Eventually, however, the court gets around to dealing with what is unreasonable. Unreasonable is defined by Baier as “making excessive demands or requests that we may be entitled to make but for which the other party has good reasons not to comply.” If either of two sides in a mediation are unreasonable, a good mediator might be able to make the difference; but if one side is irrational, even an accomplished mediator will probably leave empty handed. That is because being unreasonable is a weaker way of going counter to reason than being irrational, as being unreasonable just means you are not recognizing the force of another’s reasons just because they conflict with your own. Being irrational means you fly in the face of reason altogether, acting as if all reason is on your side. The hope is that when you finally get your day in court, the judge will be disgusted by the irrationality, demand at least that the other side be only unreasonable, and then rule in such a way that some reason is brought to the situation. The fear is that the judge won’t recognize you started in left field, so far down the continuum that reason wasn’t even in sight, and that he or she will split the baby from that vantage point. A good judge should recognize the difference between the irrational and what is unreasonable. We can only hope.

I was recently told–in another context–that I am the voice of reason. I admit, that strokes my vanity. I would like to think I am a reasonable, rational person, able to see that people can disagree and still hold valid points. I have seen the law tolerate illogical and irrational behavior. Hopefully, it will bring reason, finally, to an extremely difficult situation. My husband has felt like it will be held against him if he acts irrationally or even unreasonably, but his ex-wife has gotten a lot of mileage out of her irrational positions.

The rational philosopher part of me can only circle back to reason. We want the moral law to be based in reason. We want the law of the land to recognize irrationality and unreasonable behavior and to correct it. We yearn for a moral and legal formulaic appeal to reason to fall back on, as we recognize that so many are not capable of rational thought or have found that being selfish and mean works well of them. So I keep trotting around in the woods, splitting linguistic hairs, mixing my metaphors, and finding myself in the clearing where I started. I keep hoping that at some point, by recognizing that my husband’s ex-wife has been unreasonable (remember, the law can’t hold her accountable for being irrational–only a psychologist with a backbone can), some justice might finally be brought in, which is the closest thing to an ethical response we will ever see.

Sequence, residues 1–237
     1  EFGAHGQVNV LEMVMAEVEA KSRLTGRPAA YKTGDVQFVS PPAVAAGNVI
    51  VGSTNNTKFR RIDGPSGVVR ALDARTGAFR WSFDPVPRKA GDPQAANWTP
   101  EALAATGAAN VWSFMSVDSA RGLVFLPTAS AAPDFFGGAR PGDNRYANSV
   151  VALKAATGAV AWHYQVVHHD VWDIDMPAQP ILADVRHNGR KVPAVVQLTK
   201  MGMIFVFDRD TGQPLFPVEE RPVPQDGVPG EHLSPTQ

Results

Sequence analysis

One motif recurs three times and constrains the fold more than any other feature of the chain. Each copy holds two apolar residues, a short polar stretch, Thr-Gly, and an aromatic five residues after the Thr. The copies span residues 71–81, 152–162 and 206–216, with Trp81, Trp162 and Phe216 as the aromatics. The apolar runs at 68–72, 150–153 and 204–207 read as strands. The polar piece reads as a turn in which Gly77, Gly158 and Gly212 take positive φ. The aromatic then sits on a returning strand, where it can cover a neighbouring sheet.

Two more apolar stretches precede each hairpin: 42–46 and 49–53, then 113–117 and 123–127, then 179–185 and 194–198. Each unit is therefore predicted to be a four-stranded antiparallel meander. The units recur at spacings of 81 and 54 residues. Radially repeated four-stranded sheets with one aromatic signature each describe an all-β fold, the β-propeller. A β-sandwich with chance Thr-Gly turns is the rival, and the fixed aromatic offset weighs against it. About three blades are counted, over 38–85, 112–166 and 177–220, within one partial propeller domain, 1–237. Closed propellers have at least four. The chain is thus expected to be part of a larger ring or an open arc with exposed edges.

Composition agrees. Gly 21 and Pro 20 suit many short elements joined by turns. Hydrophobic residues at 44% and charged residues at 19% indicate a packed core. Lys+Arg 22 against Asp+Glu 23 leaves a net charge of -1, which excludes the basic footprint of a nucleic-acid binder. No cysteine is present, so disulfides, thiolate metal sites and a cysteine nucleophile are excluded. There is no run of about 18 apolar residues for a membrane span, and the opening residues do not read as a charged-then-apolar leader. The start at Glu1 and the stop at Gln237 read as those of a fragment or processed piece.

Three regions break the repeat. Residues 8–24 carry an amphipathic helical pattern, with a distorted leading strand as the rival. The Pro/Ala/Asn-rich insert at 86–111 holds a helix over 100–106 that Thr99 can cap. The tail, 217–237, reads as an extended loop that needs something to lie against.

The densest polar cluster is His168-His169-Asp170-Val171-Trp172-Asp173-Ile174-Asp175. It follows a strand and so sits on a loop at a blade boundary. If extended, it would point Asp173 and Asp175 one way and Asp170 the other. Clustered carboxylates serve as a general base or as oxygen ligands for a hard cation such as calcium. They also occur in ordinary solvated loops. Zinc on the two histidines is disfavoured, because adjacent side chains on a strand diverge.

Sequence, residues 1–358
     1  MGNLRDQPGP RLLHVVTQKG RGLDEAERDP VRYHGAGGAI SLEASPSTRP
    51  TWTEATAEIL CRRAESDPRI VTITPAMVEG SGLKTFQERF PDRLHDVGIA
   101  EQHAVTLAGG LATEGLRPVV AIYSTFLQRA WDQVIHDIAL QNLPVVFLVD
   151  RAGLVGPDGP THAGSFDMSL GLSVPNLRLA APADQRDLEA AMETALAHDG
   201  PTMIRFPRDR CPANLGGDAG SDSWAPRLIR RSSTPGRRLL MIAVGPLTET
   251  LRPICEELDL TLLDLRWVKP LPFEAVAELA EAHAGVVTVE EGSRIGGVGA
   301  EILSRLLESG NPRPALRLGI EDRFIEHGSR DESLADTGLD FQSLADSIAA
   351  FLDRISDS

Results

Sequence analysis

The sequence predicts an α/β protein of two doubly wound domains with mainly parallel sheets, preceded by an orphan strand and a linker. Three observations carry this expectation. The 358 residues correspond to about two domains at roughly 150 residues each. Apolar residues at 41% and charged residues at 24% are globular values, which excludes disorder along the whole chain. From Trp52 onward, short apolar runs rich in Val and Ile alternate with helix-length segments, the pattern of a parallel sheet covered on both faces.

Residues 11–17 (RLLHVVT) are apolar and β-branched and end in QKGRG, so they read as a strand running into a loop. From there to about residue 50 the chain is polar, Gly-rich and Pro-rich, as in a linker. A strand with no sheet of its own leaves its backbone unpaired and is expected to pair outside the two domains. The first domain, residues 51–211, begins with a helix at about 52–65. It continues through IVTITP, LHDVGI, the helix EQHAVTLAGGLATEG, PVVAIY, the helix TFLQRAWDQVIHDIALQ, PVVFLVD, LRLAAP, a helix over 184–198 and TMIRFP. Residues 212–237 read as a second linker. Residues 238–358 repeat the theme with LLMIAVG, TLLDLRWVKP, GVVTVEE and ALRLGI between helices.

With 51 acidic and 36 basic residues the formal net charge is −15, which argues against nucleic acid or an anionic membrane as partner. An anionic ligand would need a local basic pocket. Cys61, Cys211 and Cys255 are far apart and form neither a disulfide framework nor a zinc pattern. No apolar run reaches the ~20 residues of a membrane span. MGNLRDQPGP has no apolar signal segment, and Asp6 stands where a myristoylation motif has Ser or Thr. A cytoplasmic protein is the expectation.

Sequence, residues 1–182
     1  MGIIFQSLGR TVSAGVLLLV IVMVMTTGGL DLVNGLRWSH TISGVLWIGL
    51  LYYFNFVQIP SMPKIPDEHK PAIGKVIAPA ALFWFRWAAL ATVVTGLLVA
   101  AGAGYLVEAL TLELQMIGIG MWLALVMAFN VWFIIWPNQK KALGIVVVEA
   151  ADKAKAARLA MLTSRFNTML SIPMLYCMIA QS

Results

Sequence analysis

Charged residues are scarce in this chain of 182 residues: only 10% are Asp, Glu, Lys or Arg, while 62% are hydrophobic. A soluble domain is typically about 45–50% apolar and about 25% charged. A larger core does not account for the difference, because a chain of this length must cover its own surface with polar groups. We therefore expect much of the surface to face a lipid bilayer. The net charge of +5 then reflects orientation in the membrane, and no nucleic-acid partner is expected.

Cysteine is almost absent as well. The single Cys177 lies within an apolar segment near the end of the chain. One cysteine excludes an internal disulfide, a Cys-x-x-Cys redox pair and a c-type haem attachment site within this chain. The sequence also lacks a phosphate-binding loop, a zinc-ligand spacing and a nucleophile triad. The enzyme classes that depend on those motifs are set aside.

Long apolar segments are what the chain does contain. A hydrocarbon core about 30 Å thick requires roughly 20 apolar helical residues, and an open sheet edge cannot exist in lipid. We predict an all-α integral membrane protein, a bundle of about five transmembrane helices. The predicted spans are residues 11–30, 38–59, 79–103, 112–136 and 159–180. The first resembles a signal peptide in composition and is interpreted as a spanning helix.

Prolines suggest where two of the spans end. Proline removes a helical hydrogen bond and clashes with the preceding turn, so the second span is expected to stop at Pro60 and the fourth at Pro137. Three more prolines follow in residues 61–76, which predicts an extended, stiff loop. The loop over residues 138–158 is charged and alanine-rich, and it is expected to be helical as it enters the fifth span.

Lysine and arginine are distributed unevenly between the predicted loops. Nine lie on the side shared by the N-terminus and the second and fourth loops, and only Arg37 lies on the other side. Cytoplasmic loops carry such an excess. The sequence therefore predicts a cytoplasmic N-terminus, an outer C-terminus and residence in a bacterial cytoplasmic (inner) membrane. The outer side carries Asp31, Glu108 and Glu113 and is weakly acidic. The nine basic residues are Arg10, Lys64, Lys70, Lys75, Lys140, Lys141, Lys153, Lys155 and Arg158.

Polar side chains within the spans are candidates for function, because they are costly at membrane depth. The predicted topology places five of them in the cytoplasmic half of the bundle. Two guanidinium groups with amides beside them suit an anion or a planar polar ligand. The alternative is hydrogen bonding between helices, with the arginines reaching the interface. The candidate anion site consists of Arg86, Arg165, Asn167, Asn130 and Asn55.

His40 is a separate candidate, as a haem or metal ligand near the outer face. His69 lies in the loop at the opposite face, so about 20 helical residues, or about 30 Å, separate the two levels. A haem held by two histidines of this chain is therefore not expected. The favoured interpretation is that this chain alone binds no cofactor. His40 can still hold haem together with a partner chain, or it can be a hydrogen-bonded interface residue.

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  1. PhiloPsycho says:

    I’m sorry to hear that nothing was resolved in your favor (again). This doesn’t say much for her lawyer’s character, as a person or as a lawyer. His only interest in helping her is what’s in it for him ($). I understand the practical aspect of that, if say, he is hurting for money so badly that he can’t refuse the case. And it isn’t as if he can’t see the situation for what it is and has some moral defense based on ignorance of her intentions. In my opinion, a conscionable lawyer would think, “Just because a person has legal grounds for a case, doesn’t mean they ought to be represented.” Although he may be operating well within the code of ethics for his profession (the necessary condition) doesn’t mean that he is doing what is best for society (the sufficient condition). I think role and pragmatic ethics fit well here because it asks us to do what is best for family, society- the community. The very first paragraph under this state’s Rules of Professional Conduct for attorneys includes the words “…a public citizen having special responsibility for the quality of justice.” Sometimes justice seems rather cold-hearted.
    Maybe he thinks he is helping build public faith in the justice system as a whole. Or maybe he’s just an opportunistic jerk.

    This isn’t a criminal case in which the choice to not represent the accused out of compassion for the victim would cause distrust of the justice system (imbalance). It is a civil issue with greed and revenge as the motive. What if every lawyer she tried to hire said, “No, I won’t help you bilk your ex-husband, for you’ve gotten more than your fair share and are causing harm”?

  2. Nicole says:

    I just realized that she must have watched “The First Wives Club” and didn’t get that her situation was totally different 😉